Political Games Advertisers Play: A GOP Protection Racket

The nation’s biggest advertisers and marketers have developed an effective political operation in Washington. Madison Avenue and its clients have been able to ward off calls for policies, for example, that would protect our privacy. How the Association of National Advertisers (ANA) and the American Association of Advertising Agencies (AAAA) conduct its lobbying efforts have largely been off the radar screen. After all, the press cannot examine itself (since the ad lobby is ultimately tied to the fate and fortunes of broadcasting, cable, newspaper, and much of online).

So we thought it was worth pointing out a telling comment in a recent Advertising Age story written by its indefatigable and enterprising D.C. bureau chief Ira Teinowitz. In his story titled “What Democratic Control May Mean for Marketers” (Oct. 16, 2006), he quotes AAAA VP Dick O’Brien. A change in control, said O’Brien, would mean that “[T]he sort of protection we have had on the House Commerce Committee will disappear.”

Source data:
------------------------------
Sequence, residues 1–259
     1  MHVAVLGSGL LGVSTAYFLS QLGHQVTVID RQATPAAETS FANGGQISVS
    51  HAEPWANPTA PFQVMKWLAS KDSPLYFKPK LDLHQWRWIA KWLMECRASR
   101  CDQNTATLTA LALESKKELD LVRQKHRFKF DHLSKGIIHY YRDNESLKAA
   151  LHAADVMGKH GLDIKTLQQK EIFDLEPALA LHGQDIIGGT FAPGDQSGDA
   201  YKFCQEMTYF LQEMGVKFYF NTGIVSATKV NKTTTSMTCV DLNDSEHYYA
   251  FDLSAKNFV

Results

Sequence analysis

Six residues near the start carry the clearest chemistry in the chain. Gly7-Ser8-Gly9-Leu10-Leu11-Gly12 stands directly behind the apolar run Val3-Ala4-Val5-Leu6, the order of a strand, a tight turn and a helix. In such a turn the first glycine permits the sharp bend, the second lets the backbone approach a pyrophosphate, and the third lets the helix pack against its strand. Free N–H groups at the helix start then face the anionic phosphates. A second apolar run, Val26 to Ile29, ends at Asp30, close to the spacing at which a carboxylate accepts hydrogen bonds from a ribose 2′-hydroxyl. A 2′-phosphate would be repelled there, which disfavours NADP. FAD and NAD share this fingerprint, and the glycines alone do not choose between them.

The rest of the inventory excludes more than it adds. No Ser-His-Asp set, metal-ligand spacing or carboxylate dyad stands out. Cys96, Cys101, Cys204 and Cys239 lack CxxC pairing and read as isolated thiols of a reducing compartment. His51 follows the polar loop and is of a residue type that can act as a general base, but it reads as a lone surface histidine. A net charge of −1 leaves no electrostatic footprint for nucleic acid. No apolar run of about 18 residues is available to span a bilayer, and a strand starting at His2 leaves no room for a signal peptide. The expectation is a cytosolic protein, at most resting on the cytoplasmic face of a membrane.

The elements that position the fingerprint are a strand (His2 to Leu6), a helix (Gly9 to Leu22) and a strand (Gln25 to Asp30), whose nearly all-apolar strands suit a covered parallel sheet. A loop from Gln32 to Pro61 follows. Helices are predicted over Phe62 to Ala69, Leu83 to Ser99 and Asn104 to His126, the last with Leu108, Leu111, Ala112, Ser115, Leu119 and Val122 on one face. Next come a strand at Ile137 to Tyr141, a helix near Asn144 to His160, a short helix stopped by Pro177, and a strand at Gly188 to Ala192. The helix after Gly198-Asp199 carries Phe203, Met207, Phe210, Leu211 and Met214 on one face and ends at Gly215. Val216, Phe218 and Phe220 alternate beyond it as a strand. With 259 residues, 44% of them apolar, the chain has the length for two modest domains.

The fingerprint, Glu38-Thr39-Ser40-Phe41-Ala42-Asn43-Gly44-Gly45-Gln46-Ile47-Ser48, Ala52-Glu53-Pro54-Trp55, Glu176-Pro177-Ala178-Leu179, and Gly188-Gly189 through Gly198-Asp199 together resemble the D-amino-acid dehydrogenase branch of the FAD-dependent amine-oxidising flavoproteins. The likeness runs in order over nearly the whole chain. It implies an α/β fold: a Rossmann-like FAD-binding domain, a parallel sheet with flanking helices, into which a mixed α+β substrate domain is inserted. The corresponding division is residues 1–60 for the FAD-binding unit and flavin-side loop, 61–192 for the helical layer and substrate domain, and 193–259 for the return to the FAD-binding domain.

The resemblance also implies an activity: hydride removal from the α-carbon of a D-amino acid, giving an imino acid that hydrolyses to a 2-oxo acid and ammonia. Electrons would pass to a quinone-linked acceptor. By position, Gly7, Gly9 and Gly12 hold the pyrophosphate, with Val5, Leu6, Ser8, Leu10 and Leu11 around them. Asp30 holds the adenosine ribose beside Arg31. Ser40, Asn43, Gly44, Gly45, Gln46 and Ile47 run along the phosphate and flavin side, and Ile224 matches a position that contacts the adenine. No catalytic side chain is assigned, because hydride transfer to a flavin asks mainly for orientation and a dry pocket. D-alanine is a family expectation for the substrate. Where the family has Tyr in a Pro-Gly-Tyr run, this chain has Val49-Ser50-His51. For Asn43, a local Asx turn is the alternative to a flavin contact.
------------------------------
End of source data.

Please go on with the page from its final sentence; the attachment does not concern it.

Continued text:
While not a bombshell, such admissions help tell the story of how all too often, Commerce chair Joe Barton and Telecom subcommittee chair Fred Upton have worked to help the big buck special interest agenda (think Bells, cable and no network neutrality for broadband). While we don’t believe the Democrats are Saints, at least once in a while they will yell and scream. The Ad industry, in our opinion, needs to lose its protection racket defense.

Author: jeff

Jeff Chester is executive director of the Center for Digital Democracy. A former journalist and filmmaker, Jeff's book on U.S. electronic media politics, entitled "Digital Destiny: New Media and the Future of Democracy" was published by The New Press in January 2007. He is now working on a new book about interactive advertising and the public interest.

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